State Legalization of Recreational Marijuana: Selected Legal Issues [January 13, 2014] [open pdf - 455KB]
"May a state authorize the use of marijuana for recreational purposes even if such use is forbidden by federal law? This novel and unresolved legal question has vexed judges, politicians, and legal scholars, and it has also generated considerable public debate among supporters and opponents of 'legalizing' the recreational use of marijuana. Under the federal Controlled Substances Act (CSA), the cultivation, distribution, and possession of marijuana are prohibited for any reason other than to engage in federally approved research. Yet 18 states and the District of Columbia currently exempt qualified users of medicinal marijuana from penalties imposed under state law. In addition, in November 2012, Colorado and Washington became the first states to legalize, regulate, and tax small amounts of marijuana for nonmedicinal (so-called 'recreational') use by individuals over the age of 21. […] Finally, the report closes with a description of selected legislative proposals introduced in the 113th Congress relating to the treatment of marijuana under federal law, including H.R. 499 (Ending Federal Marijuana Prohibition Act of 2013); H.R. 501 (Marijuana Tax Equity Act of 2013); H.R. 689 (States' Medical Marijuana Patient Protection Act); H.R. 710 (Truth in Trials Act); H.R. 784 (States' Medical Marijuana Property Rights Protection Act); H.R. 964 (Respect States' and Citizens' Rights Act of 2013); H.R. 1523 (Respect State Marijuana Laws Act of 2013); H.R. 1635 (National Commission on Federal Marijuana Policy Act of 2013); and H.R. 2652 (Marijuana Businesses Access to Banking Act of 2013)."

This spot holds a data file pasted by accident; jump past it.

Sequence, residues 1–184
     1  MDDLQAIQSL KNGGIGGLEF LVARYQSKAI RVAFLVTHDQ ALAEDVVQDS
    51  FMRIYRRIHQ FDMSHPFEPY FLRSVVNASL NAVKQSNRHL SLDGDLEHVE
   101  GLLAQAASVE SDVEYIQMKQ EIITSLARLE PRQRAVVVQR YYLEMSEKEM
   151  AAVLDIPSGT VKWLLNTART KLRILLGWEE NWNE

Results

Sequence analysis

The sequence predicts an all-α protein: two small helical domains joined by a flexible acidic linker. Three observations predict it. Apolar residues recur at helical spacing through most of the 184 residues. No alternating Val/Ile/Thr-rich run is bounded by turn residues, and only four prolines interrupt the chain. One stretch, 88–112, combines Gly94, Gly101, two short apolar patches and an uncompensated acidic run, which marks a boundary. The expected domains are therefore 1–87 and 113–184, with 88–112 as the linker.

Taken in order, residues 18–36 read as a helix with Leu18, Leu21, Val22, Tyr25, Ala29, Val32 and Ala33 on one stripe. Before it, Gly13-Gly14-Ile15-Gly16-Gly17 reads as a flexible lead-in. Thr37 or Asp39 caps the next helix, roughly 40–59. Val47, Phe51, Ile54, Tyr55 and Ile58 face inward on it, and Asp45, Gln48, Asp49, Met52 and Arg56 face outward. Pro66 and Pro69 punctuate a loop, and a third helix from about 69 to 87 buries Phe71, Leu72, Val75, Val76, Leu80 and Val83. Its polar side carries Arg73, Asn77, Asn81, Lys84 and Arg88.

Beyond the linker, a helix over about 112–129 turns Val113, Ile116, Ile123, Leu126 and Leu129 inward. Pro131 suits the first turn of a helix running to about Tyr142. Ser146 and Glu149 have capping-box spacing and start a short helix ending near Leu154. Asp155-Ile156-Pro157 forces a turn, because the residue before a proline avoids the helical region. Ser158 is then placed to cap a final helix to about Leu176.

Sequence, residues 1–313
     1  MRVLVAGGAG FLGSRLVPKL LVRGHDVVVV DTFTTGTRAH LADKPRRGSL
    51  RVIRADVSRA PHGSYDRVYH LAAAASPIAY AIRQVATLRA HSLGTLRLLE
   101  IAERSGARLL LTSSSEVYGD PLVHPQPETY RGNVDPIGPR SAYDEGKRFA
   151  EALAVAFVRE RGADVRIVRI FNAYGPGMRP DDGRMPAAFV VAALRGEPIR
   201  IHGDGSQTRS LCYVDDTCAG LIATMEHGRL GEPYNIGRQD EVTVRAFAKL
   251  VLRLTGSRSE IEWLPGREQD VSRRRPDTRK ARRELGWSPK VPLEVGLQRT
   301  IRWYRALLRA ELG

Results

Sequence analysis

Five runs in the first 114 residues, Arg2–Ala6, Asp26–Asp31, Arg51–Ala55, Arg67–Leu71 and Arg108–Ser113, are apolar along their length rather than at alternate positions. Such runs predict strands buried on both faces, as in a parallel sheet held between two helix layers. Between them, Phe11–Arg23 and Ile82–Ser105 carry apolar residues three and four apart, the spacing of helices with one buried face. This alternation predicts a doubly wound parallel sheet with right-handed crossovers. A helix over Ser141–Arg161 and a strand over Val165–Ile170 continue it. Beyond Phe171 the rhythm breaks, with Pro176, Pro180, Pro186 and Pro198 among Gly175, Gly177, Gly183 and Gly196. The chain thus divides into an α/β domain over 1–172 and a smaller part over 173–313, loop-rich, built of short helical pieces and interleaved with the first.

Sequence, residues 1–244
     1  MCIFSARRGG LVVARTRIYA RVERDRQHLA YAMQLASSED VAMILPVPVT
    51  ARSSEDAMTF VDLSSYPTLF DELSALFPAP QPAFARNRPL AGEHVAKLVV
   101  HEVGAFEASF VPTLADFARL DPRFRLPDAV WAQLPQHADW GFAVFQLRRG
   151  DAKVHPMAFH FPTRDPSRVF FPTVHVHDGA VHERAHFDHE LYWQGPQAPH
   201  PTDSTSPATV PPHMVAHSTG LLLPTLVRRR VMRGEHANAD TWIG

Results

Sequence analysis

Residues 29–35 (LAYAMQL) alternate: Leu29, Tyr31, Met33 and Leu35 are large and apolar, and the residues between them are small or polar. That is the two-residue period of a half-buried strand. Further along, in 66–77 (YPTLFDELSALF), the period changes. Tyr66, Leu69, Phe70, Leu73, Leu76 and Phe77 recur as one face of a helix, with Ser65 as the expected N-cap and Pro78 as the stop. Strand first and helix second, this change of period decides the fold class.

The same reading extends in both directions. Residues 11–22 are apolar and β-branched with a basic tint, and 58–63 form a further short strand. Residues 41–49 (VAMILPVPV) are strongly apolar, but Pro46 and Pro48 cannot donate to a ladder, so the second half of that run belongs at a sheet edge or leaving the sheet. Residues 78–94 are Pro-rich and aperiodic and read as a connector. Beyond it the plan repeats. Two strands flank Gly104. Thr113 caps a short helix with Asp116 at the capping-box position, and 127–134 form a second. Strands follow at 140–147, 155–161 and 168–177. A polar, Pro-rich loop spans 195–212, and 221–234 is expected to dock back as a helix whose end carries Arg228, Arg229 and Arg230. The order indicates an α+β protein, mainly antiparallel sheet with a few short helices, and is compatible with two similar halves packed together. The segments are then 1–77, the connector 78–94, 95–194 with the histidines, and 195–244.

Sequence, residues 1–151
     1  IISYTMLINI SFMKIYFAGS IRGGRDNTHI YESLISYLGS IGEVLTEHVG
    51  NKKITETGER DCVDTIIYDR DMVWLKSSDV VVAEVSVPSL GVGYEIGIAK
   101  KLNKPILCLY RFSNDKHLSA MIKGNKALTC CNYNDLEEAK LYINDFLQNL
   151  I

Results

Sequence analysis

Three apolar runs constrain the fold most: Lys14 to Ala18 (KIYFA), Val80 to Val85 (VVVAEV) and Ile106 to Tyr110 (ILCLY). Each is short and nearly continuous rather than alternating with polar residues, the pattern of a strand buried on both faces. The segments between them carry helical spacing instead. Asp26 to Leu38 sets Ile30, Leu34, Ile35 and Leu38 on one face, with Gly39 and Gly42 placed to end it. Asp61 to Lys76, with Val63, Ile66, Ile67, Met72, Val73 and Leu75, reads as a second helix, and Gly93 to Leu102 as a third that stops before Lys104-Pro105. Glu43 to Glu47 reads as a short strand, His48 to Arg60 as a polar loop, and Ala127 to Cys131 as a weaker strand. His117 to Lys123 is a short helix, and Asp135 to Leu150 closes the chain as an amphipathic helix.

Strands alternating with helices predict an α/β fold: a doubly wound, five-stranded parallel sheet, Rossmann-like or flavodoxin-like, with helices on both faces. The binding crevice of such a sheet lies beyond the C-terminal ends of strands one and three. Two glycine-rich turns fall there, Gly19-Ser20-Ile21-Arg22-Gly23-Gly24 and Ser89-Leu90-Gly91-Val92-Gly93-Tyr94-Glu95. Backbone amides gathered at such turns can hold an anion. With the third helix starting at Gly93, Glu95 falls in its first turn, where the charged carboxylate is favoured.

CRS Report for Congress, R43034